Standard treatment with Immiticide consists of giving two injections 24 hours apart, then keeping the dog strictly confined for the next four to six weeks. The injections must be given in a painful location – the muscle close to the dog’s spine in the lumbar (lower back) area. The worms start to die immediately. As their bodies begin to decompose, pieces are “shed” into the dog’s bloodstream and filtered out through the dog’s lungs. This can cause the dog to cough and gag, or lead to a fatal pulmonary embolism.

The dog must be kept confined and his physical exertion kept to an absolute minimum, in order to prevent pieces of the dead worms from being forced by a rapid heart rate and/or increased blood pressure into clogging the tiny blood vessels in his lungs, causing embolisms. This generally means that the dog must be kept crated or penned and allowed out to potty only on a leash. Aspirin may be prescribed to lower the risk of blood clots, though this is controversial. Remember that it’s dangerous to combine aspirin with any other nonsteroidal anti-inflammatory drug (NSAID) or with prednisone, and to give it only with food.

A safer approach, sometimes called a “split-dose,” “staged-kill,” or “three-dose” protocol, consists of giving one injection, waiting one month or more, then giving two more injections 24 hours apart. This has the benefit of reducing the worm burden by about 30 to 50 percent with the initial treatment, before the balance are killed by the second set of injections.

This protocol is more expensive, requiring three injections of the drug instead of two. Also, the dog must be kept strictly confined for a longer period of time. Nevertheless, this split-dose protocol over two months is recommended for dogs with heavy worm burdens or other health problems (Stage 3), and is also considered safer for dogs with a lower worm burden.

Judy Wilds treated Taffy (described above) using the fast kill method with Immiticide. Although it is recommended to keep treated dogs in a crate to limit their exertion, Taffy was unused to being confined, and her vet was concerned that crating her could be dangerous, as excess stress and barking could cause lung problems. Wilds used a small outdoor pen for Taffy, instead.

“Taffy handled the heartworm treatment quite well. One evening, however, she gave me quite a scare when she began gagging. Later, I realized that this was related to her heartworm treatment,” Wilds says.

Some coughing or gagging is considered normal in dogs being treated for heartworm infection. However, it is important to understand that, whatever method of heartworm treatment is used, any respiratory difficulty in dogs receiving therapy should be considered a life-threatening emergency.

If the coughing or gagging is very heavy, seems uncontrollable, or causes the dog distress, get her to a vet right away. Vomiting or any bloody discharge combined with lethargy, fever, and/or pale gums should also be considered an emergency, and the dog should be taken to the veterinary or emergency clinic immediately. Corticosteroids, fluids, and oxygen may be needed at this time to help the dog survive.

Immiticide (melarsomine) has a much lower risk of complications than its historical predecessor, another arsenic compound called Caparsolate (thiacetarsemide sodium). Unlike Caparsolate, Immiticide does not damage the liver and kidneys, and kills a higher percentage of worms, so that fewer treatments are needed.

However, the Immiticide injections will cause muscular pain and soreness for a few days. It’s critical that the injections be done in an exacting fashion in order to minimize this effect. This includes changing needles after filling the syringe before injecting, choosing the site with care, putting pressure on the site after injection, and alternating sites for future injections.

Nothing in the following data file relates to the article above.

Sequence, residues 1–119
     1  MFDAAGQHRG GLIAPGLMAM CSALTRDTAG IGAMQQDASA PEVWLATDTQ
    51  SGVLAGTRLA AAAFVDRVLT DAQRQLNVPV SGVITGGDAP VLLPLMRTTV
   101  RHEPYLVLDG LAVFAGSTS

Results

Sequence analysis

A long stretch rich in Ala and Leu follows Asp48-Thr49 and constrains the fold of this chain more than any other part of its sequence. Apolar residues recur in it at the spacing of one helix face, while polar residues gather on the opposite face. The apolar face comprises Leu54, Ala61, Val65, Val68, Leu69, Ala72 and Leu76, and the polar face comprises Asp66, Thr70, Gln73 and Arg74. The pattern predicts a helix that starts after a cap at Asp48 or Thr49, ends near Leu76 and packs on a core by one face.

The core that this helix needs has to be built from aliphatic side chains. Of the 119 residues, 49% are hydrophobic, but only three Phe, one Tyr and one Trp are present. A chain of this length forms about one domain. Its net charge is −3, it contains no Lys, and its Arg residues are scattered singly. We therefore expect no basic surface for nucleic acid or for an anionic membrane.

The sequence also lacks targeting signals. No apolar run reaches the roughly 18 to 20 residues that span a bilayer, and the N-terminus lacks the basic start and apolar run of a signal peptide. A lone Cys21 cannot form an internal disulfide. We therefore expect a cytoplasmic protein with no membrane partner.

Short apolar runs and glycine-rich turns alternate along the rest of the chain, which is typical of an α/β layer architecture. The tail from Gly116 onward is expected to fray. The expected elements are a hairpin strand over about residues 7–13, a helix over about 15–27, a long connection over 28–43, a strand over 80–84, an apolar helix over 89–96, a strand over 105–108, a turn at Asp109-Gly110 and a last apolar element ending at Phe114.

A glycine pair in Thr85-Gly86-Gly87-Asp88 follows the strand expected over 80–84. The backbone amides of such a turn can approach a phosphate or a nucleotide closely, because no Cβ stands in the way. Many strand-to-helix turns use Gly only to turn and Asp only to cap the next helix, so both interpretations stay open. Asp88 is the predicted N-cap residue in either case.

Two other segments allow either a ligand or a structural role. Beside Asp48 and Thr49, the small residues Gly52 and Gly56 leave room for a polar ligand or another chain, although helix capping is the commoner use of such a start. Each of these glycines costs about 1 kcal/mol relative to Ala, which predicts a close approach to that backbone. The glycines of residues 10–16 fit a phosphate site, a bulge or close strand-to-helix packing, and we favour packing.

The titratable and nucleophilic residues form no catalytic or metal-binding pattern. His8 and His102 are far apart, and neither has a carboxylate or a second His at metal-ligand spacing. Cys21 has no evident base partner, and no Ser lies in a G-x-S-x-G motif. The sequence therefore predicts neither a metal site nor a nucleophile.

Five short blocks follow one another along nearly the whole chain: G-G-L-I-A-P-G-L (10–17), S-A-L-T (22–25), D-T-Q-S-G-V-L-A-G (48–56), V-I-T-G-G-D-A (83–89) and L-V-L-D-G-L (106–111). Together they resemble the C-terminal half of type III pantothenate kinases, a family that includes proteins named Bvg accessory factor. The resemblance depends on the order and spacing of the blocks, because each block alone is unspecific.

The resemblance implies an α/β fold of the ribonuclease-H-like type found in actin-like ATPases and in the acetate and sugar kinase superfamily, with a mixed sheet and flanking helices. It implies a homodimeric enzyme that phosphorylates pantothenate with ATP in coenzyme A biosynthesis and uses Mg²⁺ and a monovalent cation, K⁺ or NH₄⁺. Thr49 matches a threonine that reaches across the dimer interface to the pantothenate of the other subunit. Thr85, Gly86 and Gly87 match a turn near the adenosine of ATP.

Corticosteroids (e.g., dexamethasone) can be given at the same time as the Immiticide injection to lessen the reaction. Combination painkiller and sedative drugs, such as xylazine, may also be used to reduce the pain of the injection. Pain medications, such as NSAIDs, are often prescribed for a few days.

Christie Keith, a Scottish Deerhound breeder from Northern California, had two dogs who were heartworm-positive. “Raven had some obvious clinical changes, and was showing some symptoms (coughing). Due to her hyperreactive immune system, I was concerned that the presence of the worms in her pulmonary arteries, with their known ability to stimulate autoimmune reactions, would further worsen her existing allergies. So I opted to do the conventional Immiticide heartworm treatment, with the thought that it would be best to get the worms out of her more quickly.”

Christie intended to treat Raven with the split-dose schedule, but a couple of weeks after the first dose, Raven, despite having been completely confined and kept from activity more strenuous than going out into a tiny potty yard on a leash, developed a series of pulmonary emboli (clots), and nearly died. “We rushed her to the ER and when we got there, my mom, who was with her in the back of the van, thought she had died. She was blue,” recalls Keith. Emergency treatment saved Raven’s life. Tests conducted after the first treatment revealed no trace of heartworms, so Raven didn’t have to undergo another round of treatment.

Heartgard (slow kill)
The “slow kill” method, which is a newer approach, consists of giving the dog Heartgard on a monthly basis. This heartworm preventative medication has some effect against the adult worms and should gradually eliminate them over a period of one to two years; without treatment, the worms can live up to five years. The earlier the treatment is started after infection, the more quickly it will work to eliminate the adult worms. Note that only Heartgard (ivermectin) should be used, as Revolution (selamectin) affects far fewer adult worms, and Interceptor (milbemycin oxime) almost none at all.

Although this method is gentler than the use of Immiticide, the danger from the dying worms is still present, and for a much longer period. A recent Italian study showed that pet dogs (as opposed to the caged laboratory dogs this method had been tested on before) did get pulmonary emboli and some of the dogs died of it. The more active the dog, the higher the risk.